Flexible working after maternity leave: your rights
Although no one has a legal right to flexible working, you may, if you have dependent children or other people for whom you have caring responsibilities, have a right to request to work flexibly.
If you do this, your employer will then have an obligation to give proper consideration to your request and only reject it for one of a number of prescribed reasons.
What is classified as flexible working?
- Different hours, e.g. going from full-time to part-time
- Different work times, e.g. a later start time to allow you to do the school run
- Compressed hours, e.g. working four longer days rather than five shorter ones
- Working from home
What criteria must you fulfill to make a request?
- Have or expect to have responsibility for bringing up a child who is under the age of 17 when you make your request (or under age 18 if disabled), or
- Be caring for an adult who qualifies
- Be an employee and not an 'employee shareholder' who has signed away various employment rights (you will know if you are one of these)
- Have worked for your employer for at least 26 weeks
- Not have made a flexible working application to that employer within the previous year
If you are applying with respect to a child, you must be making the request in order to care for them, and be either the mother; father; adopter; guardian; special guardian; foster parent or private foster carer of the child; a person in whose favour a residence order is in force regarding the child; or the spouse, civil partner or cohabitee of such a person.
What you have to do
- Make your request in writing
- Say that it is a request for flexible working
- Specify the change you are asking for
- Give a date when you would like to start the new work pattern
- Explain what effect, if any, you think the change will have on your employer and how that effect could be dealt with
- Explain the basis on which you are entitled to make the request (e.g. that you are the mother of a two-year-old who you need to drop at nursery)
If you work for a large-ish organisation, check to see whether there is a formal procedure your employer uses – they may have their own application form and guidance.
It's worth putting some real effort into thinking how your request could practically be accommodated. Are you aware of someone else who would like to do your old hours? Are there affordable technologies which will make home working realistic? You are less likely to get turned down if you anticipate objections and suggest solutions.
What your employer has to do
- Consider your request
- Give you an opportunity to meet to discuss your request.
This meeting should be offered within 28 days of you making the request, unless your employer simply agrees to the request on paper, in which case they can just send you a confirmation letter specifying what the change to your working pattern is and when it will begin.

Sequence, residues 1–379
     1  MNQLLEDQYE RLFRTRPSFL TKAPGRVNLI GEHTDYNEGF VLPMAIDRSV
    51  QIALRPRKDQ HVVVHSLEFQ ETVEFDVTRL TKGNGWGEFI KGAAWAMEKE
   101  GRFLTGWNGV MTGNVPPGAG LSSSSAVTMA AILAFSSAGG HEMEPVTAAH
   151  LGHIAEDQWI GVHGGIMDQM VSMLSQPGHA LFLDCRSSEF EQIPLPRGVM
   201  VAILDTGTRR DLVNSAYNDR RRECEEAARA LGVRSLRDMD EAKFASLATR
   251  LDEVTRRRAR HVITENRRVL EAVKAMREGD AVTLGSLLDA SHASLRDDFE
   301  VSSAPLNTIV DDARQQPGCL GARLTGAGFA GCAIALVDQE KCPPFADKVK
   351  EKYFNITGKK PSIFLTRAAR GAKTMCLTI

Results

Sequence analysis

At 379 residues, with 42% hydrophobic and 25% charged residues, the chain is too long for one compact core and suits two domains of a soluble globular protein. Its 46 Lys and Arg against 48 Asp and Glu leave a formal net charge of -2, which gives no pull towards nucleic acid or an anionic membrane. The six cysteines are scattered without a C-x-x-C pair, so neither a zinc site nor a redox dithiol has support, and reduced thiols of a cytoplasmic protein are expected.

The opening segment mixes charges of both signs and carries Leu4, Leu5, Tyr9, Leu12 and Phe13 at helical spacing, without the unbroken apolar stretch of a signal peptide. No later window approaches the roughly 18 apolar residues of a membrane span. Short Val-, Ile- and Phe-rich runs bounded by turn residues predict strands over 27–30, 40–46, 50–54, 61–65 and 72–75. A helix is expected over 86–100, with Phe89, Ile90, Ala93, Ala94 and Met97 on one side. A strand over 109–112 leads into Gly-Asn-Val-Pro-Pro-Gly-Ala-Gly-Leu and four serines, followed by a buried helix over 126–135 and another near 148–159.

The meeting should take place at a mutually convenient time, and you may bring a colleague to the meeting to support you, although not to answer questions on your behalf.
Within two weeks of the meeting, your employer must either agree your request or explain why it is not agreed, setting out the reasons.
Reasons your employer can refuse your request
- The burden of additional costs
- Detrimental effect on ability to meet customer demand
- Inability to re-organise work among existing staff
- Inability to recruit additional staff
- Detrimental impact on quality
- Detrimental impact on performance
- Insufficienct amount of work to do during the periods the employee proposes to work
- Planned structural changes
If you are not satisfied with the reasons given, you have a right to appeal, in writing, within 14 days of the notice of refusal, by way of a dated document setting out grounds for your appeal.
Your employer should hold an appeal meeting with you within 14 days of your appeal (unless the appeal has been permitted without a meeting and your employer informs you of that fact).
If a meeting is held, your employer should tell you the result within 14 days of the meeting. If it's a no, your employer must set out the reasons. If it's a yes, the letter should specify the agreed change and when you will start your new work pattern.
This is another chance to persuade your employer that the arrangement you are proposing can work, so again it's worth really thinking about the practicalities and arguing your case.
If you think your employer has messed up the procedure, based its decision on incorrect facts or treated you badly because you made an application, you may be able to bring a claim to an employment tribunal. But take advice quickly; there are strict time limits for claims of this sort (generally three months from the date of the appeal decision or from the date you were treated badly).
If you really think a refusal to allow you to work flexibly is unfair, it's worth getting some advice. Although the remedies available under the flexible working legislation are relatively limited, it is possible in some cases to claim sex discrimination, or even unfair dismissal if the refusal to allow you to change your work patterns had led to you leaving the job.
Natasha Joffe and Lydia Seymour. Please have a look at our disclaimer and bear in mind that the information provided is no substitute for specific advice on your individual case.
Last updated: 2 months ago